Etty Hillesum’s An Interrupted Life: 1941-1943
Persephone No. 4 (1999)

One of the reasons that Etty Hillesum’s diaries touched me so deeply is the way in which she openly struggles with the persecution that she is facing. Whether looking for a distraction from the blatant threats posed to her very existence, or whether confronting them or their representatives (in the form of fellow citizens who openly challenge her right to buy toothpaste in the pharmacy after groceries are forbidden to sell goods to Jewish people), she engages with her reality and we readers, decades later, have a glimpse of her attempt to continue living her life in these unthinkable circumstances.

Around the same time that Etty Hillesum’s diary begins, in early 1941, Vere Hodgson writes this in her own wartime diary: “Sometimes I think it will end for me like that girl in Liverpool who wrote a diary. The blitz was going well overhead, and she sat writing about it…The diary was eventually found — she never was.” Ironically, Hodgson and her diary do survive the war, but Etty Hillesum did not. Her own awareness of this possibility, even likelihood, makes reading her diaries even more compellling:

“I don’t have to stand in queues and have few worries about the housekeeping. I don’t think there’s another person in all Holland who has it as easy, at least that’s how it seems to me. I feel a very strong obligation to make full use of all this time I have to myself, not to waste one minute of it. And yet I still don’t work with enough concentration and energy. I really have obligations, moral obligations.”
June 19, 1942

In her desire to make the most of every minute, she coped as best as she could, in a myriad of ways:

Distraction with new experiences–
I surprised myself with a need for music. I don’t seem to be unmusical, am seized with interest whenever I hear a piece of music but have never had the patience to sit down specially to listen to it; my full attention has always been reserved for literature and the theatre, areas that are within the province of my own thoughts. And now, quite suddenly, music is beginning to press its claims, and once again I find that I am open to an experience that makes me forget myself. 1941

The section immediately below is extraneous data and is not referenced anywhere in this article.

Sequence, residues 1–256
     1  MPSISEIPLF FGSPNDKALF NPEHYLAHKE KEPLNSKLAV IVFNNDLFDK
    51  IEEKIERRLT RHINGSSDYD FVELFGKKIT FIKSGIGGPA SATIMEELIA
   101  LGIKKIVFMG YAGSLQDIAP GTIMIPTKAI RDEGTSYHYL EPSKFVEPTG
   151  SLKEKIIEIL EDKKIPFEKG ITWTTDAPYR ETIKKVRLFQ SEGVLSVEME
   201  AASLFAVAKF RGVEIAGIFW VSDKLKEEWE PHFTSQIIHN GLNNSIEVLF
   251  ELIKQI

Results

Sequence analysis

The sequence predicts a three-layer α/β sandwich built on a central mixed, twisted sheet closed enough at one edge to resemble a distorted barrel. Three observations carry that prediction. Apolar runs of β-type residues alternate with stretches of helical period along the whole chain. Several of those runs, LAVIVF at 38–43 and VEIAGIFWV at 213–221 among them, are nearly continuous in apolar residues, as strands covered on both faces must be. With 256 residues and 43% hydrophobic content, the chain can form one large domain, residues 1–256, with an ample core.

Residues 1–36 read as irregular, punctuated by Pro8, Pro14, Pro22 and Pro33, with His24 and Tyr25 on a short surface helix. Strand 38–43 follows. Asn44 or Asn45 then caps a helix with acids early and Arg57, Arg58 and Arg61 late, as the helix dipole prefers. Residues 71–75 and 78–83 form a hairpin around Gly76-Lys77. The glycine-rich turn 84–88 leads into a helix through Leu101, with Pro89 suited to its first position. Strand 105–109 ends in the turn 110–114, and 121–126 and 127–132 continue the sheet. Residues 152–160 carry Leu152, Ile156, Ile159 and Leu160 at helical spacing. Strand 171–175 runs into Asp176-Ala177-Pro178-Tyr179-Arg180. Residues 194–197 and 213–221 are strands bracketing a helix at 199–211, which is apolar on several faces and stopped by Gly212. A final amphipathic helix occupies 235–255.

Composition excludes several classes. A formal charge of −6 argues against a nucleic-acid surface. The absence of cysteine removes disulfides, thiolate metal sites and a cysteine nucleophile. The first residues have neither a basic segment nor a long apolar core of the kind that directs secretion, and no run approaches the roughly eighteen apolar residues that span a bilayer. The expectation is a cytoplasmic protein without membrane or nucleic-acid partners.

Distraction with familiar experiences–
Still, now I am myself once again, Etty Hillesum, an industrious student in a friendly room with books and a vase full of ox-eye daisies. I am flowing again in my own narrow river bed and my desperate involvement with ‘Mankind’, ‘World History’ and ‘Suffering’ has subsided. And that’s as it should be, otherwise one might go mad.  June 1941

Struggle between confrontation and avoidance–
Tonight new measures against the Jews. I have allowed myself to be upset and depressed about it for half-an-hour. In the past I would have consoled myself by reading a novel and abandoning my work. October 24, 1941 (57)

Peacefulness and busy-ness–
Sometimes my day is crammed full of people and talk and yet I have the feeling of living in utter peace and quiet. And the tree ouside my window, in the evenings, is a greater experience than all those people put together. I sometimes think so many things happen in my life, so many interesting people, so many books, so much talk, it’s a pity I can’t write it all down for the years to come. But then, my real life is something quite different…  (96) March 1942

Living in the moment–
But, of course, by then the English may have landed. At least that’s what those people say who have not yet abandoned all political hope. I believe that we must rid ourselves of all expectations of help from the outside world, that we must stop guessing about the duration of the war and so on. And now I am going to set the table. July 11, 1942 (186)

Writing things out to make sense of them —
And yet there it always is again: life remains so ‘interesting’ through it all. Every-present in me is an almost demonic urge to watch everything that happens. A wish to see and to hear and to be present, to worm out all of life’s secrets, to observe with detachment what people look like in their last convulsions. And also, suddenly, to be forced to face oneself and to learn what one can from the spectacle that one’s own soul enacts in these times. And later to be able to find the right words for it. July 28, 1942 (205)

It’s precisely because she did struggle to “find the right words for it” that we have this record so many years later. It’s overwhelming, isn’t it?